9 Limitations of Science
Assumes unchanging natural laws, has no tools for the supernatural, so says nothing about Existence or nature of God. Miracles (= coincidences) Purpose Good or evil Proves nothing(!) Advances by disproving and discarding false ideas. The assumptions of science enforce certain limitations Science has no tools to deal with anything supernatural, which would fall outside one of its fundamental assumptions; it offers no comment on the existence or nature of God miracles (presumed to be coincidences) “purpose” good or evil etc. Science proves nothing, except that wrong ideas are wrong!!

10 Strengths of Science Objectivity Reproducibility Self-correction
Progression Prediction Those same assumptions confer great advantages to science: Objectivity (the measurements, not my wishes or beliefs, determine the answer.) Reproducibility (the rules don’t change, so anyone else can repeat my experiment and get the same results Conclusions aren’t dependent on the operator.) Self-correction (if my work can’t be duplicated, I must have screwed up and my conclusions must be rejected.) “Cold fusion,” for instance, died a quiet death for lack of reproducibility. Progression (because processes don’t change, once we understand how something works, we can build on that to understand how the next thing works.) Prediction (since the rules don’t change, what’s happening today illuminates what happened yesterday and what will happen tomorrow.)

11 How Faith seeks Truth Proposes explanation for experiences.
Looks for consistency with various kinds of evidence. Seeks confirmation via prayer, revelation… May use experiments, usually to confirm rather than to reject hypotheses. How does faith work? From various kinds of evidence (e.g. “Wesleyan Quadrilateral” of scripture, reason, experience, and tradition) it also proposes explanations. It usually looks for consistency with other kinds of evidence (including from the natural world.) It seeks confirmation from supernatural sources (prayer, revelation, scripture…). Like science, faith can be experimental (“Is my trust appropriately placed? If I step out on this limb, will it hold? How about another step? Another?”) but unlike science, usually seeks to confirm, not falsify and reject, its conclusions. (“Oh! I’m going toward the trunk!”)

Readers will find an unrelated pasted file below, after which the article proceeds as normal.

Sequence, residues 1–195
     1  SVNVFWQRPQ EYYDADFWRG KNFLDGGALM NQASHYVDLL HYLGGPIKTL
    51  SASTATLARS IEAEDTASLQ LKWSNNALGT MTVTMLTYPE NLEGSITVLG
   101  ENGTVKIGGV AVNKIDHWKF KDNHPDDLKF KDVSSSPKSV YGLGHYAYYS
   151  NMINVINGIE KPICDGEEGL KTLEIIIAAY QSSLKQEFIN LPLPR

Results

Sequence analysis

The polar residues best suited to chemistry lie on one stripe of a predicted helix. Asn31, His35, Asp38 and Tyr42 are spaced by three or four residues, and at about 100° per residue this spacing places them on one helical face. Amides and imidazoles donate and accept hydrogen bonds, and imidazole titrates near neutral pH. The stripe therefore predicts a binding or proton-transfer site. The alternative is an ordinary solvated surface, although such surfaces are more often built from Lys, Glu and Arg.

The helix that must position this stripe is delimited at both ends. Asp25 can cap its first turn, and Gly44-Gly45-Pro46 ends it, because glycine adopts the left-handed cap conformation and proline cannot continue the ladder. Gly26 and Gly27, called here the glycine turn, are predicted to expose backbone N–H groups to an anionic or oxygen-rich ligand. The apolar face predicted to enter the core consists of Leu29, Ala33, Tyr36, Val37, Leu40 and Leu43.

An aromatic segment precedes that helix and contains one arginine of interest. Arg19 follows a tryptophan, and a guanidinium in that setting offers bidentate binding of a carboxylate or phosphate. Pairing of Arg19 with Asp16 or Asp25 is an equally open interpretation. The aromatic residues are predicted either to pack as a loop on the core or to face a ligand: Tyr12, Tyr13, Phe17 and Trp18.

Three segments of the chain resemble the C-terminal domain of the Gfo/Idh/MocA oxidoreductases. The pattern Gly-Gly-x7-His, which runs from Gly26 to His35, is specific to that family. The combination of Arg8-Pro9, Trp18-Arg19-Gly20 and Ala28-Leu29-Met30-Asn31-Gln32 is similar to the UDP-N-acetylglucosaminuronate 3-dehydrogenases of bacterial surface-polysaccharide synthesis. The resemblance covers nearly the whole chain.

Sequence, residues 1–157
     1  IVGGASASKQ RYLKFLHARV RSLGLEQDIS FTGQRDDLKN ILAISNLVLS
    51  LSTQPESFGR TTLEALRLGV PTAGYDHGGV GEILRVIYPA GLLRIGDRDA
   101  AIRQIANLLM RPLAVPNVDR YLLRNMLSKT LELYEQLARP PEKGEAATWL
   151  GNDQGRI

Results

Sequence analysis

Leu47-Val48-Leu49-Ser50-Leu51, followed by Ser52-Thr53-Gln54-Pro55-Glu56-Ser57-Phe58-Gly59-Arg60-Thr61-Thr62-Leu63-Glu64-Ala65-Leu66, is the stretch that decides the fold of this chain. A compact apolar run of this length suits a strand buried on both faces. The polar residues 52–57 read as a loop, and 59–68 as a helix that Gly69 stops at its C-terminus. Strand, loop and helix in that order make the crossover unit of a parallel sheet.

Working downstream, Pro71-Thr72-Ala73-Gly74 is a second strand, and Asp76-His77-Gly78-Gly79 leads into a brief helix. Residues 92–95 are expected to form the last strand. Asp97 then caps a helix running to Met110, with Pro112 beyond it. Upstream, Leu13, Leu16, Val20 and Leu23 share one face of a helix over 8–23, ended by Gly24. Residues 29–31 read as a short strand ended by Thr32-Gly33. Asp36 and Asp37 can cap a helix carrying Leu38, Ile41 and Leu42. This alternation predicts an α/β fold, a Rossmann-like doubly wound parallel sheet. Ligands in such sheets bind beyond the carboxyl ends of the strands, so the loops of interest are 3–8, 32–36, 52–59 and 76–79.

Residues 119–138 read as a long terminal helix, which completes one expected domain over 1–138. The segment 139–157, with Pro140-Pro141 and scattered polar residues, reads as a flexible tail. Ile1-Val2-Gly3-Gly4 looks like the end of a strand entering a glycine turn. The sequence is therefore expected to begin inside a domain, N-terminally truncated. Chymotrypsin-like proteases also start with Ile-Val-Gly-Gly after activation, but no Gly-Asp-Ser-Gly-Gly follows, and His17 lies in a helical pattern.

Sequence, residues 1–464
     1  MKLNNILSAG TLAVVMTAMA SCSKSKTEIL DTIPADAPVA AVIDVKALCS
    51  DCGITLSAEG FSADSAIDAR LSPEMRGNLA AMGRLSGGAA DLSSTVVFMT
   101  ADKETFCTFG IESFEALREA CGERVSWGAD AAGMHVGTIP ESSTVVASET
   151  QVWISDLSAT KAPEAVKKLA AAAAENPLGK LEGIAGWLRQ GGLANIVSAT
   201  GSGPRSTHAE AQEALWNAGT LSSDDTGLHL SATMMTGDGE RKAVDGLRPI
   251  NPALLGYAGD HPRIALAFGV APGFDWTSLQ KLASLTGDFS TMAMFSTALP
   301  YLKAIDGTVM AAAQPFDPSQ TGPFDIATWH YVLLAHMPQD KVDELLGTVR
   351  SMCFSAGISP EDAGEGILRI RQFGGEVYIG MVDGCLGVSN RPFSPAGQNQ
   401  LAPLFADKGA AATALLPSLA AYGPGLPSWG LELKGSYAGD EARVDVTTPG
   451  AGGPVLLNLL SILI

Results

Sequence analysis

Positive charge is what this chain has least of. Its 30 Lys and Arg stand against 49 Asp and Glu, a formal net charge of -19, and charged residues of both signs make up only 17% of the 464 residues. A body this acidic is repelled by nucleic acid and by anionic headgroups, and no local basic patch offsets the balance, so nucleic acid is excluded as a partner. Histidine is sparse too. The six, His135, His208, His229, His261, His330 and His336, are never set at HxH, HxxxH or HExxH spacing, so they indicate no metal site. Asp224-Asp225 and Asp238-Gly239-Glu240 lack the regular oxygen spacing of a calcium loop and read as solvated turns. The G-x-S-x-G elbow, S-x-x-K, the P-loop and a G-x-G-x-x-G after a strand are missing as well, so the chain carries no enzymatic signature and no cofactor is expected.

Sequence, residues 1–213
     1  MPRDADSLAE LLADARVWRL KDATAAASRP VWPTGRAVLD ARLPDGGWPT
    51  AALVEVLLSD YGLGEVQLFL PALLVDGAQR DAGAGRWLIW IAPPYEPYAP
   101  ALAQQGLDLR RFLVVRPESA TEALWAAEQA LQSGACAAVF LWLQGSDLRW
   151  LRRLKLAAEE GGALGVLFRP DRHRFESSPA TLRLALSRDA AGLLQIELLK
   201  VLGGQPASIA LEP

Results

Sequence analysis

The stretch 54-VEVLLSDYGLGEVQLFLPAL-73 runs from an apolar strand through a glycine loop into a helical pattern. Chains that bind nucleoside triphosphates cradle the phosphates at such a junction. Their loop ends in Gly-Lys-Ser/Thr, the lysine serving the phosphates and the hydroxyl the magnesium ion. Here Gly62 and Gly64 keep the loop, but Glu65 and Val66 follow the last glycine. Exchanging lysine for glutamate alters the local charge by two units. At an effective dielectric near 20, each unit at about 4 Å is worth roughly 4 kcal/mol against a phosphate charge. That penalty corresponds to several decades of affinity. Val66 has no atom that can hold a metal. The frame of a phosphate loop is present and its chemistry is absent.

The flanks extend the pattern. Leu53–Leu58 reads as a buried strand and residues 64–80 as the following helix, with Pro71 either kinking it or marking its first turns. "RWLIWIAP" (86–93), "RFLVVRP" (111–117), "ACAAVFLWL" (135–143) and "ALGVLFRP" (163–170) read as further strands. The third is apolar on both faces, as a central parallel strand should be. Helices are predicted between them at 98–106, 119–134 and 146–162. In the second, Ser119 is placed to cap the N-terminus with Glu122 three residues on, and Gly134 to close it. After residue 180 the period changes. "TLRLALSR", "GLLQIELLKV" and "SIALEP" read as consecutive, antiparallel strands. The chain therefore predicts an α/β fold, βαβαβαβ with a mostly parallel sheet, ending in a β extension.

12 Limitations of Faith Not objective Not reproducible
Not self-correcting Not progressive Not predictive Faith’s assumptions enforce limitations too (the converse of science’s advantages!): With the admission of non-physical evidence comes subjectivity; conclusions are not independent of the operator. It is not reproducible; if someone else has a “faith experience” I cannot assume mine will be the same even if I try to replicate the circumstances. It is not inherently self-correcting. When the evidence is chosen or rejected based on consistency with the pre formed conclusion, it will support it—whether true or false. [Classic examples will come up in young-earth geology, “creation science,” “intelligent design.”] It is not progressive in the same way that science is. It cannot assume that others’ experiences can be replicated exactly, but it certainly learns from them (hence the importance of “tradition.” It does not give predictability; with the possibility of supernatural intervention at any time, predictive ability is limited to cases where one fully comprehends the will of the supernatural power (a claim often made and very rarely achieved.)

13 Strengths of Faith “Ultimate Questions” (that science can’t touch) can be addressed. Truth can be found, and false conclusions rejected, by supernatural revelation. Access to truth is not limited by education, experience, or intellect. Faith’s assumptions also confer great strengths: Faith can address “ultimate questions” inaccessible to science. Truth can be found, wrong conclusions corrected (even in cases of incomplete or faulty data) by supernatural intervention (inspiration, “conviction,” etc.) Access to truth is not limited by a person’s education (access to data,) experience, or intellect. If God regards everyone as a (potential) adopted child, He certainly can make Himself known to them.

14 (Science/Faith Gedankenexperiment): The Perfect “Theory of Origins”
“Everything was created 30 seconds ago, exactly as you perceive it.” Is it true? Is it useful? Is it scientific? Supportable with scientific evidence? A science/faith “Gedankenexperiment”: The “Perfect Theory of Origins”: the universe (including you, your memories, fossils, geological record, scriptures…) was created 30s ago, exactly as you perceive it now. Is there even a single datum (observation) that disproves the theory! (Impossible—it was created that way 30s ago.) If the “theory” accounts for all of the observations (data,) with no contradictions, Is it true? (Who knows? There’s no possible test.) Is it useful? (Confers no insight about operations past, present or future.) Is it “scientific”? (No, not based on assumptions required for science.) Does it gain any credibility by citing “scientific data”? (Not based on scientific foundation, so scientific data are irrelevant. God can do anything He pleases and leave any evidence He chooses – or none.)

15 Which is the right tool to understand the universe?